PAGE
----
I. The text is an expression of that rest in love which those alone can have whose "life is hid with Christ in God." The immediate motive of its utterance here is a certain sense of powerlessness in swaying the minds of others. What is argument to him? What is the judgment of man? What is any outward evidence? Has he not within the surest of all proof, the experience of the highest faith? "From henceforth let no man trouble me: for I bear in my body the marks of the Lord Jesus Christ."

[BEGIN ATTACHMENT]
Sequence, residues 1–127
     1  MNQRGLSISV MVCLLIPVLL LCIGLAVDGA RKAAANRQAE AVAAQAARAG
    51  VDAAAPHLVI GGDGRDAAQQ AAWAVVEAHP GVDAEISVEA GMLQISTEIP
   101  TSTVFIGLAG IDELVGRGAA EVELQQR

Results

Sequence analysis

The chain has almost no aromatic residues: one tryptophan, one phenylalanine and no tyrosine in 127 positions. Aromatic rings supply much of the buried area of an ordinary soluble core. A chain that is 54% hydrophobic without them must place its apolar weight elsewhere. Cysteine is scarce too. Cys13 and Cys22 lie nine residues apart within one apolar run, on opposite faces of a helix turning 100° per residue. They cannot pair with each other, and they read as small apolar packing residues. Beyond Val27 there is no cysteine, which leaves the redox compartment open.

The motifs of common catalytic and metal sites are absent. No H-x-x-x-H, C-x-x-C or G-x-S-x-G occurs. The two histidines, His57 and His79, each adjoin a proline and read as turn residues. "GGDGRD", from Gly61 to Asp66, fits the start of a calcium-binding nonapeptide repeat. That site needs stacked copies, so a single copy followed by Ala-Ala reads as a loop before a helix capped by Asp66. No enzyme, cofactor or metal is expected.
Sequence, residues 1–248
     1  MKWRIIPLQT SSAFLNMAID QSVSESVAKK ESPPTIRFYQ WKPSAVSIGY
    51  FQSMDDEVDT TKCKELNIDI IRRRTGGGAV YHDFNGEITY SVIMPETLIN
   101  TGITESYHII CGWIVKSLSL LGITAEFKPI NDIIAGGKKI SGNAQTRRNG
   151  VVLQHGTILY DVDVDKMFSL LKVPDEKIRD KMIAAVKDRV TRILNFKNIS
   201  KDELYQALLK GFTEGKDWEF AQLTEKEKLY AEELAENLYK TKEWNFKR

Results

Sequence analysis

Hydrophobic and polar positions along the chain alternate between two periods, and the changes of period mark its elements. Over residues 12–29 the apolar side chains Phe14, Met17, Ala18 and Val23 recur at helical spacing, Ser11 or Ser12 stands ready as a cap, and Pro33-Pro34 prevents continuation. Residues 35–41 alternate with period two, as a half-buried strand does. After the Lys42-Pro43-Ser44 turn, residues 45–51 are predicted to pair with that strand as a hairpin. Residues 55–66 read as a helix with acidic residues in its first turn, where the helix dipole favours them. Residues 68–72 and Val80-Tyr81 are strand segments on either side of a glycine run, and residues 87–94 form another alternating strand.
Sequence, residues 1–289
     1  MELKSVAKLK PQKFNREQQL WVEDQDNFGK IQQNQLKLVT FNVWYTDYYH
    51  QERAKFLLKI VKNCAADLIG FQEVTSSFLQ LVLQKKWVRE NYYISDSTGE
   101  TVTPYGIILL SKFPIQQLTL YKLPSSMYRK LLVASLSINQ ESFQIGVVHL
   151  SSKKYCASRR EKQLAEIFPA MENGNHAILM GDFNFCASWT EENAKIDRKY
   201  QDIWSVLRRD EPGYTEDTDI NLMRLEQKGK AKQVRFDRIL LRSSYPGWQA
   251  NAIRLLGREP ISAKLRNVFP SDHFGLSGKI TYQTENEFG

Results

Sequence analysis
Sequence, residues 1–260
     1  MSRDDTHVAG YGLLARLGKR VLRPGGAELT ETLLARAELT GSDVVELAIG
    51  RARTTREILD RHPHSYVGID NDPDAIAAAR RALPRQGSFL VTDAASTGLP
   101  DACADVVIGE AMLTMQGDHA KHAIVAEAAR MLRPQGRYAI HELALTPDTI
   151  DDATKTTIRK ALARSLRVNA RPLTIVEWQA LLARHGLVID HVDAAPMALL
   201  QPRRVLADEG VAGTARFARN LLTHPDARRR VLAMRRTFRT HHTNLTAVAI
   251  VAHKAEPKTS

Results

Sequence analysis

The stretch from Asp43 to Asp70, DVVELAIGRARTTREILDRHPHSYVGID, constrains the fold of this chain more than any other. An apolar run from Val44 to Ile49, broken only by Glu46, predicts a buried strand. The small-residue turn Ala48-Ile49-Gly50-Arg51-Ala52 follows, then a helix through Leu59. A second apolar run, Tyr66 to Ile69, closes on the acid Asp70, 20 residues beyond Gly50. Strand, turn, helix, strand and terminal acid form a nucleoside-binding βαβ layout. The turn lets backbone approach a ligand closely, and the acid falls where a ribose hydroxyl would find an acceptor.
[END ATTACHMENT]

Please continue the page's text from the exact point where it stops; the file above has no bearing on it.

II. What are the "marks" here signified? Whatever they are, no doubt they are proofs that he is Christ's, and Christ is his. But what are they? Elsewhere, he speaks of his labours and sufferings in the cause of Christ; and that too on an occasion like the present, when some were disparaging him, and making invidious comparisons between himself and the earlier apostles. He is obliged to say in his own cause, "I suppose I was not a whit behind the very chiefest apostles." Then he speaks of his severe sufferings as signs of his apostleship. Are these uppermost in his mind now? I think not. Again, he speaks to the Corinthians of the vision vouch. safed to him — "How that he was caught up into paradise, and heard unspeakable words, which it is not lawful for a man to utter." And he concludes, "In nothing am I behind the very chiefest apostles, though I be nothing. Truly the signs of an apostle were wrought among you in all patience, in signs, and wonders, and mighty deeds." Is it to the same that he is referring now? Or, once more, does he allude to the many converts whom he had made, signs, if there be any, that Christ is with him? Well might his heart rest in thoughts like this, as when he wrote to the Church at Corinth — "Though ye have ten thousand instructors in Christ, yet have ye not many fathers: for in Christ Jesus I have begotten you through the gospel;" "And the seal of my apostleship are ye in the Lord." Or when he calls the Philippians "my brethren, dearly beloved and longed for, my joy and crown." Is this the mark of the Lord Jesus which he looks at, and takes comfort at the sight? No. I think not. It is something closer to him than this. Sufferings may find a man and leave a man separate from Christ: "Though I give my body to be burned, and have not charity, it is nothing." Of visions he says, "It is not expedient for me doubtless to glory;" and lest he should be exalted above measure through the abundance of the revelations, there was given unto him a thorn in the flesh. Of miracles and mighty works, One greater than Paul said — "Notwithstanding in this rejoice not, that the spirits are subject unto you; but rather rejoice, because your names are written in heaven." And as to making converts, here is his own solemn caution, "Lest when I have preached to others, I myself should be a castaway." "I bear in my body the marks of the Lord Jesus." What are these marks? They are the stigmata, the marks (as the Greeks would say, whose word it was), burnt into a slave, the brand set on a runaway slave: a sign graven upon the very body, as inseparable as a birth-mark; one that has indeed been imposed in after years, and by another hand, but now become part and parcel of the man himself, as his own flesh and bone. They are the stigmata, the marks (as Christians would say, in memory of Him who bore them on Himself), of Christ their Master: His marks on their body, as signs that they are members of His Body, in all purity and chastity and holiness, as being "temples of the Holy Ghost;" His marks on their temper, as those who have taken up their cross and borne it after Him in self-denial and mortification, in patience, in forgiveness, in humility, in cheerfulness; His marks on their soul, as being set free from condemnation by the atoning mercy of the Saviour, as being made partakers of the precious fruits of His sacrifice upon the cross — the mark of justification, and the mark of sanctification — the imputed righteousness of Christ, the imparted and inherent righteousness wrought in them by the Holy Ghost: His marks on their spirit, being full of all spiritual affections — love, joy, peace, patience, amid the trials of earth, longing for the security of heaven, the present enjoyment of an almost perfect rest in the arms of God; in short, "a life hid with Christ in God."